top of page


Updated: Feb 10, 2021

by Aparna Mehrotra

November 27th 2019 carried the news of a gruesome gang rape and murder in the State of Telangana. A 26 year old veterinarian had been raped by a group of 4 men and burned alive. The crime, not an aberration –  nearly 90 cases of rape are registered daily  – evoked widespread outrage by the public. The sentiment mirrored the response to the horrific December 16 gang rape in the capital city of Delhi in 2012. The Verma Committee, which was formed in its wake to recommend changes to the criminal justice system in its January 23rd 2013 Report stated that rape and sexual assault are not merely crimes of passion but an expression of power.

The furore called for execution of the rapists, being led at the helm by lawmakers calling for public lynchings of the rapists in parliament. Conspicuously absent from the outcry was any kind of inward reflection on ourselves as a society that continues to coexist with such heinous acts on a daily basis. To an outsider it would seem like this incident was the only of its kind with only one effective solution – wipe out the perpetrators. 

On 6th December 2019 came the news of all four suspects in the Hyderbad rape case being shot dead in an alleged encounter with the police in the wee hours of the morning at 3:30 am. A wave of celebration followed. With emotionally charged congratulatory messages online and with fireworks and sweets on the ground – “justice has been done.” Our temporary rage had been given temporary direction with a temporary “solution.” In the face of sheer bloodlust, we didn’t feel the need for the legal system to ascertain whether those killed were in fact the perpetrators.

Statistics show that in a majority of cases the rapists are known to the victim or are even close family members. Rape incidents are not isolated acts of violence, but the ugly and gruesome end of a spectrum which builds and bolsters the psyche that a woman’s personhood can be violated. Newspapers carried pieces of abdication by lawmakers and law enforcement in doing their duty in the wake of the November 27 rape. But there is a more sinister abdication which we are all guilty of – in looking at our own complicity in enabling an environment that treats women as lesser humans. The Hyderabad rape and murder is most unfortunately not an oddity. It is a consistent feature of, and truth about our society. We cannot take on the provisional role of instigators and delegate and disregard the labour of understanding the genesis of this crime as something esoteric, limited to the world of academics or specialists. Each one of us has a duty and responsibility. Because when we abdicate, the damage we inflict is the damage we ourselves sustain.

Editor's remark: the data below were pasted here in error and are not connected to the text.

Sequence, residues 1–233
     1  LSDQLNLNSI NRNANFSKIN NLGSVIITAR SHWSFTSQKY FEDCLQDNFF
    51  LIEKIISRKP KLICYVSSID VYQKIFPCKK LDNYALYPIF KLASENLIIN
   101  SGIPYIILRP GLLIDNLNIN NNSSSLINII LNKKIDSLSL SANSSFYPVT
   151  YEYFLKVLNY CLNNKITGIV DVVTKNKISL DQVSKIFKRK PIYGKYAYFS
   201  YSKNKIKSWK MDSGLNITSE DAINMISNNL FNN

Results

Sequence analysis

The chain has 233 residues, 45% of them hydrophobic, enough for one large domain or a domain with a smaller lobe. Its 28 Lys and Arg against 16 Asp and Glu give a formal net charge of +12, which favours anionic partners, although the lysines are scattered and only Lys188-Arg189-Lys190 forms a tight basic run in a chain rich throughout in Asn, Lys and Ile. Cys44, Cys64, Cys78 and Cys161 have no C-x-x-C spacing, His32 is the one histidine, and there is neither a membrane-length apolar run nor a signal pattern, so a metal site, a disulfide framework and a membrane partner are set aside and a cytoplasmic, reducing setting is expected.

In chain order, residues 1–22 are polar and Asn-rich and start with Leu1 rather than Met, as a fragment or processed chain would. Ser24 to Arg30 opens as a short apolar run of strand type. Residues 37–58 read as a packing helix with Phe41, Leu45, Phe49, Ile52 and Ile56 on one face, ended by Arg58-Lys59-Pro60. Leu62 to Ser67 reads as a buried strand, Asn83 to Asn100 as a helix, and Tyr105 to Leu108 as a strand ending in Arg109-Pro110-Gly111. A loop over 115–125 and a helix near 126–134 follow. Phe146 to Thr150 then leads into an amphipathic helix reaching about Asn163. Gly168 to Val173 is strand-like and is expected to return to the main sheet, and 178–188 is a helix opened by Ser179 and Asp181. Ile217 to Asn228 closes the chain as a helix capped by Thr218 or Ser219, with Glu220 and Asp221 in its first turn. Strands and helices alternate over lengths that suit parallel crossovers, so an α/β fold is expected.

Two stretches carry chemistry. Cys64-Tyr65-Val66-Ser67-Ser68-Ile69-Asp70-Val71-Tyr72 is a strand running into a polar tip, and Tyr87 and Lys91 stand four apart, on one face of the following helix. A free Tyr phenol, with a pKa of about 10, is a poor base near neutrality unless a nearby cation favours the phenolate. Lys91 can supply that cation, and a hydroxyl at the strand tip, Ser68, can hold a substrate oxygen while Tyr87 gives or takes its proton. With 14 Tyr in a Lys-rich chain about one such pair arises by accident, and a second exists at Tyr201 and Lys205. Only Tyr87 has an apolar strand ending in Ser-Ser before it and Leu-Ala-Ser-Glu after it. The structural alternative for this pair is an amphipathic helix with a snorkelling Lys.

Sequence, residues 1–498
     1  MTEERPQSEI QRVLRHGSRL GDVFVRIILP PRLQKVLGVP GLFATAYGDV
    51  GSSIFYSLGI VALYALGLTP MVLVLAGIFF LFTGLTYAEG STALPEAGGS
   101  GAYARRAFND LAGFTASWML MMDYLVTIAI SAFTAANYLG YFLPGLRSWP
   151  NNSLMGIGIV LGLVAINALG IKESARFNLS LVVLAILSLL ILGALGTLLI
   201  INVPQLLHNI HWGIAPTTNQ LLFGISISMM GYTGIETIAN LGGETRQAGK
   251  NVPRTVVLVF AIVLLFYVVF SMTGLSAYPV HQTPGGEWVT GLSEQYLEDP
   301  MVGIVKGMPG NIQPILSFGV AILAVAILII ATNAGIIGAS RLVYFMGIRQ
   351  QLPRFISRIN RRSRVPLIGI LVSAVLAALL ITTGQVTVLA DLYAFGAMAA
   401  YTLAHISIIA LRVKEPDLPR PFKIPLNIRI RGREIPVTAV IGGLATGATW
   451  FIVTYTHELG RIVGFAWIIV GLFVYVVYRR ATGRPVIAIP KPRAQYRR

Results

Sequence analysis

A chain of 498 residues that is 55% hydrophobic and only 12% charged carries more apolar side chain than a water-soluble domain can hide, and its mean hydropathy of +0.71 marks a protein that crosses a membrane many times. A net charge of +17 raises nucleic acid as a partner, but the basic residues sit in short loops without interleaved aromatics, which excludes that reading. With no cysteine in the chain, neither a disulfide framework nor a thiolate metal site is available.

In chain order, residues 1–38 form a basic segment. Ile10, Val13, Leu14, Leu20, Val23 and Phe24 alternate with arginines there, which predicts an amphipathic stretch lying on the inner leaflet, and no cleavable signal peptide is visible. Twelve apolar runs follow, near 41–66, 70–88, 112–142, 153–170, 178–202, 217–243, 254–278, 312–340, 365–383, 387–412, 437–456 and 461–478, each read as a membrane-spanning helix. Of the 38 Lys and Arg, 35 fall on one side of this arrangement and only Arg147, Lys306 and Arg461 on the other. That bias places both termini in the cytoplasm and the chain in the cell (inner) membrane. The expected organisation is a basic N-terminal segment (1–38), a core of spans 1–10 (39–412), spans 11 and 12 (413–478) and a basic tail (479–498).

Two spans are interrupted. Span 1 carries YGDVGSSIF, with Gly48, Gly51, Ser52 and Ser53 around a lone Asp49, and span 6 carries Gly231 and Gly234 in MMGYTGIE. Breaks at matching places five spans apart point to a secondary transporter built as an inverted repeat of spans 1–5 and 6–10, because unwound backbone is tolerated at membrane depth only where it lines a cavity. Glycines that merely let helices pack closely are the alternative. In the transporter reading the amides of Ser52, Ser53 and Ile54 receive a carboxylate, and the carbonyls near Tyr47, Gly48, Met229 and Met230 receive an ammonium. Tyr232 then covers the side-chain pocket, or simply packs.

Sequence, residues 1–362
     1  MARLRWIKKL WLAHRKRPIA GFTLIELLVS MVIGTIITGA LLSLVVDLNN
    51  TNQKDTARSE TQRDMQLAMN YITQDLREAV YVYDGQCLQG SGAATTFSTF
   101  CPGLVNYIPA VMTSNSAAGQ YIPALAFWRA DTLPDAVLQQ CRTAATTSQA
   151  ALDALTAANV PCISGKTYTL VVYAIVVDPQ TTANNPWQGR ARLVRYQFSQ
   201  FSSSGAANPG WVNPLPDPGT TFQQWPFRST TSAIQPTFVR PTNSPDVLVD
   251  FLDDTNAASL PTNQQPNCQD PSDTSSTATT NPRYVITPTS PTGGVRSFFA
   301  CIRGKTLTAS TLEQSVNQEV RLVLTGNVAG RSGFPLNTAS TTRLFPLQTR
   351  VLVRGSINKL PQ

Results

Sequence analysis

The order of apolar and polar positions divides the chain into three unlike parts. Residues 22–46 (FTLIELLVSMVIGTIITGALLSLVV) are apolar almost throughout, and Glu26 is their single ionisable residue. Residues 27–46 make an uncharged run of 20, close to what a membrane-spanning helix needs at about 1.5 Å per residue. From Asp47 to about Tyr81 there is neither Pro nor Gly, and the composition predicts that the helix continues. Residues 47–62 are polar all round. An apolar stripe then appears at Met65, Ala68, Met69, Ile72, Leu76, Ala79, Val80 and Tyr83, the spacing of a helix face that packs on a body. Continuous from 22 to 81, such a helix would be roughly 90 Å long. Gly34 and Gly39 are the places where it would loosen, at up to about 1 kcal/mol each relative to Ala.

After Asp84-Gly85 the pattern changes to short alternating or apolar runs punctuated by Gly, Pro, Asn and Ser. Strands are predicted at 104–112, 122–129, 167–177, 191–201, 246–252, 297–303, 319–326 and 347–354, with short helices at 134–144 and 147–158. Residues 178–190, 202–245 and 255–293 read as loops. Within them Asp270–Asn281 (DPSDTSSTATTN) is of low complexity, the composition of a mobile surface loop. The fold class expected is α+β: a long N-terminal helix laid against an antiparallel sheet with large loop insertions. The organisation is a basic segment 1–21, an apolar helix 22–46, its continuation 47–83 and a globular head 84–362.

Be outraged, but not selectively. Sustain it. Be outraged when popular culture demeans women and passes it off as entertainment. Be outraged at the unequal power relations between men and women that inundate our everyday lives. Be outraged when you see women excluded from decision making roles. Because when we outrage selectively turning it into a bloodthirst that seeks revenge and not justice, it results in normalising and even celebrating blatant subversion of the justice system to achieve an end that serves no purpose. An extra-judicial killing leaves each one of us - and those less privileged infinitely more so - vulnerable to be tried outside of the legal system. It solves nothing.  Due process protects us all.

Aparna Mehrotra is a lawyer based in New Delhi and consultant with Justice Adda


bottom of page